Alabama lawmakers are debating the makeup of the state Coat of Arms, an image that has stood as an official emblem of the state since its adoption in 1939.
At issue is a representation of a flag of the Confederacy, and the consideration follows efforts nationally to remove Confederate imagery and statues. At least one state — neighboring Mississippi — removed the Confederate flag from its state emblems.
It would be unlikely to see Alabama lawmakers follow suit; after all, the Legislature banned the removal of historical statues in an effort to stymy local government attempts to dismantle Confederate-era monuments.
We understand the offense many Alabamians take at the pervasive Confederate imagery. For many residents of the state, the Confederacy is associated with the preservation of slavery, and the constant reminders are an affront to dignity.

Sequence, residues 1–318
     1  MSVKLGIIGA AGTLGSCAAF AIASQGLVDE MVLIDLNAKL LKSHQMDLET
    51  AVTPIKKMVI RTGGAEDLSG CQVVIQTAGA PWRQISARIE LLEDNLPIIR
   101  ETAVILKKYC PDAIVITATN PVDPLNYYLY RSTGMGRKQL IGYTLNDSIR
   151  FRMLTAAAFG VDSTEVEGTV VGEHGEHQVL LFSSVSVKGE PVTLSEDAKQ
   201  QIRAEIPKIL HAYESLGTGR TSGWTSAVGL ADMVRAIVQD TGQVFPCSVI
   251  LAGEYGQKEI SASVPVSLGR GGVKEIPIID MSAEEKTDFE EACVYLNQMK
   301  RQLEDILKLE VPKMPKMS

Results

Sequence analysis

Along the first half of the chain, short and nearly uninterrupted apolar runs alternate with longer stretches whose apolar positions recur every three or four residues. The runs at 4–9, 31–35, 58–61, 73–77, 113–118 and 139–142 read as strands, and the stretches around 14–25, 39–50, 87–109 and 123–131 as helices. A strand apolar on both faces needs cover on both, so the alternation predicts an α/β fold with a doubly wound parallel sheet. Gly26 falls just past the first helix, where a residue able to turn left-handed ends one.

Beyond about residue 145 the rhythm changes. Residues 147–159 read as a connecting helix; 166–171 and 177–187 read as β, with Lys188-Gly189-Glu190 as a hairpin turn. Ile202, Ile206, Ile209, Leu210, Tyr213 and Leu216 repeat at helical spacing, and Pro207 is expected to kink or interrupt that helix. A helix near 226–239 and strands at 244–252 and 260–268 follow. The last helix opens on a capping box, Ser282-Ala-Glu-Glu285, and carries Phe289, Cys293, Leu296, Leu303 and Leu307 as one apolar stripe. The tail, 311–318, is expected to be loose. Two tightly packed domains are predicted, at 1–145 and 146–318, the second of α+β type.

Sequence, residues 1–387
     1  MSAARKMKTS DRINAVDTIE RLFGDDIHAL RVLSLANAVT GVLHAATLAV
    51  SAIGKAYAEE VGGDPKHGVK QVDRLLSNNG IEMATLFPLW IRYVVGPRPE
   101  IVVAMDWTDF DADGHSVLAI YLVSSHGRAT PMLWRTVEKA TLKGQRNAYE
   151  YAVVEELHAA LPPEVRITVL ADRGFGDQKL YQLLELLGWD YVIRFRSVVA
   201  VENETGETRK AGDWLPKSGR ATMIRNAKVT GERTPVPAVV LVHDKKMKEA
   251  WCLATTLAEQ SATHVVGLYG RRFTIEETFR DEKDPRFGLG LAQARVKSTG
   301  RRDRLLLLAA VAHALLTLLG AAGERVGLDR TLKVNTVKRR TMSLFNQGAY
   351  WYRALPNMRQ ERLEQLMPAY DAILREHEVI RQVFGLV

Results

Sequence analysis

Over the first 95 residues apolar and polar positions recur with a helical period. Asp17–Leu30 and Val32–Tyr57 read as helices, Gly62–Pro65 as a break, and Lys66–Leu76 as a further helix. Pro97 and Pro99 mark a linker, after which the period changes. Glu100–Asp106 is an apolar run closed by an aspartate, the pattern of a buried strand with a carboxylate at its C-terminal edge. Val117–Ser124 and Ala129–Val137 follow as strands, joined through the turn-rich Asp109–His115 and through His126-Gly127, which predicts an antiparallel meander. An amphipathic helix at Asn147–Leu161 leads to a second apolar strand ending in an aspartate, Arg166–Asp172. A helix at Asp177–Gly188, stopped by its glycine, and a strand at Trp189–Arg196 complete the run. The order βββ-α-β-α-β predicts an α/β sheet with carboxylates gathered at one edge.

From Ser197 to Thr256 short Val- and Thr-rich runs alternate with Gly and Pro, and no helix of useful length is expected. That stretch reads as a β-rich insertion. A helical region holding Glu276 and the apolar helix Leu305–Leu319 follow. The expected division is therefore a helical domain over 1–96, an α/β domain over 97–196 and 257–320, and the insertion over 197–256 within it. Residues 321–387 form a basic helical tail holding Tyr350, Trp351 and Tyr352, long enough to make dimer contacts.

Others see it as heritage, homage to a noble fight to preserve states’ rights. More than 150 years after the end of the war, the debate over its cause still rages.
In the same vein, the content of the state Coat of Arms is also open to interpretation. The Confederate flag isn’t the only image there. Two bald eagles flank a shield featuring the flags of five nations that have exercised control of Alabama: A French coat of arms; representation of Spain’s Crown of Castile; a Union Flag of the United Kingdom; and the Confederate Battle Flag. At the crest is a representation of the French ship Badine, which delivered the first French settlers to the Alabama Territory.